January 13, 2009
This is the second part in a series “Gluten Free Grocery Shopping on a Budget” in which Heather shares how she feeds a family of 6 a gluten free diet for $350 – $400 a month. (And she says she could do with less if she really tried!)
Heather: Here’s an expansion of my bullet points, sharing how I’m spending approximately $350-400 a month to feed my family of 2 adults and 4 children under 7. Almost all food that we eat being gluten-free, except for the occasional loaf of WW bread for the rest of the family, and buying WW pasta for them (and brown rice pasta for me).
1) Stock up on items when on a good sale. Buy enough to last you to the next time it’ll go on sale at that price. Buy frozen vegetables when they’re on sale for $1/lb. When canned beans are on sale for $.40 a can, buy enough to last you a few months until the next sale.
We have a second freezer, so we can do this with meats as well. At our Super Walmart, 3 lb of boneless skinless chicken breasts are priced just under $8, or over $2.50/lb. But, at least once every 3 months, they are on sale for under $2/lb at one of the two other local grocery stores that we shop at. We stock up then, and it’s the same with ground beef or any other meat.
If you have a Kroger near you, they have cheese on sale for a good price at least once a month. Cheese lasts in the fridge for several months. You can also freeze shredded cheese without a noticeable loss in texture; chunk cheese, however, will be crumbly.
2) Make foods from scratch. It’s not only cheaper, but usually healthier. My convenience foods are things like taco sauce, tortillas, cans of unseasoned diced tomatoes, and a huge box of unseasoned mashed potato flakes. Most people don’t even think of the first three as convenience foods! I make all of our bread products from scratch, including muffins, pancakes, etc. One big reason I don’t have a huge budget with eating gluten-free is that pretty much the only “gluten-free” items I buy are the flours, xanthan gum, and brown rice pasta. None of the convenience items that are so expensive, like pancake mixes, breads, etc.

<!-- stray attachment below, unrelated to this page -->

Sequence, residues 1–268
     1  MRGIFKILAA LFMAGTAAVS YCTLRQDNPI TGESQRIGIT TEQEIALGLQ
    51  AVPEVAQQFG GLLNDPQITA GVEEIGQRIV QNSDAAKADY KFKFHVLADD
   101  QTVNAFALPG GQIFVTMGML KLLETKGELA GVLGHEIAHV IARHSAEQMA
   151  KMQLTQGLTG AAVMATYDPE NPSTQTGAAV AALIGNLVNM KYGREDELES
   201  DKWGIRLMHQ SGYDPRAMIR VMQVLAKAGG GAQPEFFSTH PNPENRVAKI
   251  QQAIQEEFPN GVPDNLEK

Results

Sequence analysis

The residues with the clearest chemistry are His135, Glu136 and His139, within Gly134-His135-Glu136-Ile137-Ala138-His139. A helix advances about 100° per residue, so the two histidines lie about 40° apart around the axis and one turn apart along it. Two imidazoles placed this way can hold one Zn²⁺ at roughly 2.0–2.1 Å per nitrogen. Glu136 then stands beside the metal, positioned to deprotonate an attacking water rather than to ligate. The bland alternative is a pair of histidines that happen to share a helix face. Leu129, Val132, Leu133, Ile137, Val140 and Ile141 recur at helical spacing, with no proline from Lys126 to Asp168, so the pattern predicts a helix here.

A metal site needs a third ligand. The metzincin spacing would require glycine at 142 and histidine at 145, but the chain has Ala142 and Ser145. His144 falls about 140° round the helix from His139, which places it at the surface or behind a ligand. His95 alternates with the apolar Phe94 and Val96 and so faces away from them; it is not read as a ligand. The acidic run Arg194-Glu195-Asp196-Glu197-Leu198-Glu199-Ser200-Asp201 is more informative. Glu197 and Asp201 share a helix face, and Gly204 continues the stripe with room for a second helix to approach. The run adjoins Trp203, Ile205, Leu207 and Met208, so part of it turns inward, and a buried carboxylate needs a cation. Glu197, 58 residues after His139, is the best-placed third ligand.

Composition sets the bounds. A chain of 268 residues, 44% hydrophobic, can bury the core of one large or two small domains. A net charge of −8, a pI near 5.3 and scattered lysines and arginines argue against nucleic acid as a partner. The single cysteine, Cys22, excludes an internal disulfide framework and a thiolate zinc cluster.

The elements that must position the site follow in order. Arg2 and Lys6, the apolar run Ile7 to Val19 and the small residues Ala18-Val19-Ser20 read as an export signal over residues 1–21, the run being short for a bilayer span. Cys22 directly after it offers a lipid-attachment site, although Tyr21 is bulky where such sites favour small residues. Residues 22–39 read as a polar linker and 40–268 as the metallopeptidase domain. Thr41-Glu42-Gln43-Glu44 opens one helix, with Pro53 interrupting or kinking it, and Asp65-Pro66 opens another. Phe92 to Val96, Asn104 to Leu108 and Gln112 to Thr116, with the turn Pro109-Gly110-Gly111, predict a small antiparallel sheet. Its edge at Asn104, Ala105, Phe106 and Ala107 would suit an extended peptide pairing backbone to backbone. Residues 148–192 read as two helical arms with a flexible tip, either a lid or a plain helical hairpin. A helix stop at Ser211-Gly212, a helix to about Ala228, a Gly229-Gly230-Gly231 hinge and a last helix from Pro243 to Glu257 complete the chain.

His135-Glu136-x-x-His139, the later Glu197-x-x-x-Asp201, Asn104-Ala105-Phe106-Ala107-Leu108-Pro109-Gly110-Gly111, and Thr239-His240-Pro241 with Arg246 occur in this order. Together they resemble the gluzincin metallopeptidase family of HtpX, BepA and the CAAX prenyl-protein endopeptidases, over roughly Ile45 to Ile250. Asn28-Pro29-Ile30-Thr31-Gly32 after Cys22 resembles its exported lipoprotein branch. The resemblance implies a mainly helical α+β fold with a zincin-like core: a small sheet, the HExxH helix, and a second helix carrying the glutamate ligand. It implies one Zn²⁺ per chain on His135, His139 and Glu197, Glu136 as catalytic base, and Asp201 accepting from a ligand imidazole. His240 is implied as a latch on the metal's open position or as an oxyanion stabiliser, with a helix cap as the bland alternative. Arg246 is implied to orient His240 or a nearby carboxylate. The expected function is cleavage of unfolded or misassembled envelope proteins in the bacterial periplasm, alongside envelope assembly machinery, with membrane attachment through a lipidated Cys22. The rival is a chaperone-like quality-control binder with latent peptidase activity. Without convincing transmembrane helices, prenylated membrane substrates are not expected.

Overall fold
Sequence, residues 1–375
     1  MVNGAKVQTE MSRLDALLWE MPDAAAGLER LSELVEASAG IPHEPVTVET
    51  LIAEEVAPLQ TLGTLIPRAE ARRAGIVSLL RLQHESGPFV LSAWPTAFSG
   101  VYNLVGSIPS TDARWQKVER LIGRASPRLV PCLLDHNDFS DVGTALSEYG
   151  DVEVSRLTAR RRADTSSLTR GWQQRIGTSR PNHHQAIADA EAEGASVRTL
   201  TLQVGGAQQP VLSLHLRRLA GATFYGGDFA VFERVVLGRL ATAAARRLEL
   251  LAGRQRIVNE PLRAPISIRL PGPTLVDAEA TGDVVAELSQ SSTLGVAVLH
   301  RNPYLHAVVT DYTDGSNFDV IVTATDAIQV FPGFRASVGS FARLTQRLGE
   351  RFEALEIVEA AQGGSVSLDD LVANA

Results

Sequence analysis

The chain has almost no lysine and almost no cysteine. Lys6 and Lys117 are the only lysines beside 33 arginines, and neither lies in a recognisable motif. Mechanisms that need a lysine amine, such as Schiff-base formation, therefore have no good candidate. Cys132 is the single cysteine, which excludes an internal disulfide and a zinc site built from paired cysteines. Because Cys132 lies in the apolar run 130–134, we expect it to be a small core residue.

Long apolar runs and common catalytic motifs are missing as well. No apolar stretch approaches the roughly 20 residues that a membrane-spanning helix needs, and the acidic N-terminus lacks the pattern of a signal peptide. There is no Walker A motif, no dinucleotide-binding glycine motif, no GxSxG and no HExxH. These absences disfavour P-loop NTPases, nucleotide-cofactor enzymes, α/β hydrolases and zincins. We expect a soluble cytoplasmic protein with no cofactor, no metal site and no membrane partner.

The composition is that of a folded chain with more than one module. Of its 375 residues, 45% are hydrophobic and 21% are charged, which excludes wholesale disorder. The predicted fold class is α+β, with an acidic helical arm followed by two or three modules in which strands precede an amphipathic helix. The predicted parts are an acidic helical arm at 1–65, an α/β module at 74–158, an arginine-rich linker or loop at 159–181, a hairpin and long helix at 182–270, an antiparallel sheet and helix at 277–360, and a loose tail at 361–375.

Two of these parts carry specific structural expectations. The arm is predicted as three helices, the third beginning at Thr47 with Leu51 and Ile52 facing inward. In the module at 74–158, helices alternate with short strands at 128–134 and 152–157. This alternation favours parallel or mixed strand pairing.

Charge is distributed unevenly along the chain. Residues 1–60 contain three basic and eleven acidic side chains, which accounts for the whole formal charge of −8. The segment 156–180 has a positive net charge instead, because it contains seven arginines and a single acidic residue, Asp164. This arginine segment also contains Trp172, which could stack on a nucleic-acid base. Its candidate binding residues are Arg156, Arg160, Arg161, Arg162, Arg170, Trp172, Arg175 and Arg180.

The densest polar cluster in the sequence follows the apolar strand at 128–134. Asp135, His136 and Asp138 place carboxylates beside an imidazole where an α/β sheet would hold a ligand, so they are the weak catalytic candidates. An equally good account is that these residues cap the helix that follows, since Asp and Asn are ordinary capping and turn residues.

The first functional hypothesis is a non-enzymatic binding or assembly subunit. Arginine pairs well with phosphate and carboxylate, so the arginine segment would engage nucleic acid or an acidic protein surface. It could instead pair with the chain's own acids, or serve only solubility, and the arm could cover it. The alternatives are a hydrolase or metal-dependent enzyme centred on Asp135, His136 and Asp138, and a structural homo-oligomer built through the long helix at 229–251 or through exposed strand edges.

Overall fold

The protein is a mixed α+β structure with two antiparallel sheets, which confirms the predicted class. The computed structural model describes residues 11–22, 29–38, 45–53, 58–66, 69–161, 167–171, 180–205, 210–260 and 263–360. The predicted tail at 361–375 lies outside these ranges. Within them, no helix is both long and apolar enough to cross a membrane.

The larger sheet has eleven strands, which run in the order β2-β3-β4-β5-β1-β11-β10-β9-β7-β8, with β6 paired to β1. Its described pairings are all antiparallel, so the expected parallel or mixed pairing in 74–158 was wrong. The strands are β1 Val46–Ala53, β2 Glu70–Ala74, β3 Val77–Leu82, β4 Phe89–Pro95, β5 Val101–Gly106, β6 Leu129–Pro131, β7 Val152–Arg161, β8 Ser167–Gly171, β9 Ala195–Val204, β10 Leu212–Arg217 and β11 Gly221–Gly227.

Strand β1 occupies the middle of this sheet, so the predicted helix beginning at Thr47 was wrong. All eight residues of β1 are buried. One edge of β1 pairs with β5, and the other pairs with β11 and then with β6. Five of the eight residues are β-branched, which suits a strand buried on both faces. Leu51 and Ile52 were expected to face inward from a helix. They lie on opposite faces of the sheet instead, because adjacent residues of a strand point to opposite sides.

I don’t buy snack foods like crackers or chips; we have popcorn or fruit instead. We do have the one occasional exception of tortilla chips being used with beans and such for dinner. I buy dried beans instead of canned. I don’t buy instant rice. No frozen foods or meal packets or anything like that. Etc.
Want an example of how big a difference making things from scratch can
make? At our Walmart, it is $1.66 for 2 lb of dried pinto beans, which has 26 servings, or $0.063 per serving. For store-brand canned pinto beans, it was $.52 for 3 1/2 servings, or $.1485 a serving. Even when bought on sale for $.40 (the cheapest sale I see around here), canned beans are still $.114 a serving. So canned beans are twice as expensive. And it’s not that hard to soak beans the night before or use the quick-soak method on the package, if you plan ahead.
3) Buy generic brands when possible. There are only a few items that
we think taste substantially better when a name-brand is bought; other than that, we don’t buy name-brand. One potential exception is a store like Sam’s Club where you can buy name-brands in a large quantity, that may make them cheaper than a smaller amount of a generic brand. But, still the biggest savings often comes buying a generic brand when a grocery store has it on sale, sometimes even as good as buy one, get one free.
4) Buy in bulk. We have a Sam’s Club membership. For example, we don’t buy small bottles of K.C. Masterpiece, but buy a 2-pack of larger bottles at Sam’s. Many stores, such as Walmart, include the price of an item per ounce or some other common denominator, which makes it easy to compare prices of different-sized containers and different brands.
5) Know the cheapest place to get expensive items. With gluten-free
food, buying flours at an Asian Food store can be a real blessing! I was amazed at how cheap tapioca starch and sweet rice flour were there! Tapioca starch is $.99 for 14 oz, instead of $2.29 for 12 oz at the health food store. We use real maple syrup instead of pancake syrup, and it is far cheaper at Sam’s Club than anywhere else we’ve found, and the same with nuts. We live in the country in the Midwest. In the fall, a man near us sells 50 lb of potatoes for $8, instead of 10 lb for $2.97 at Super Walmart. So in the fall, we buy 50-100 lb of potatoes from him.
Be sure to check back for the rest of the series. In the next post Heather will continue discuss her remaining 5 tips for grocery shopping. And in later posts, she’ll answer some of my questions and share what is in her pantry. If you want to make sure that you get all of these posts, you can subscribe to free email updates using the box at the top of the sidebar.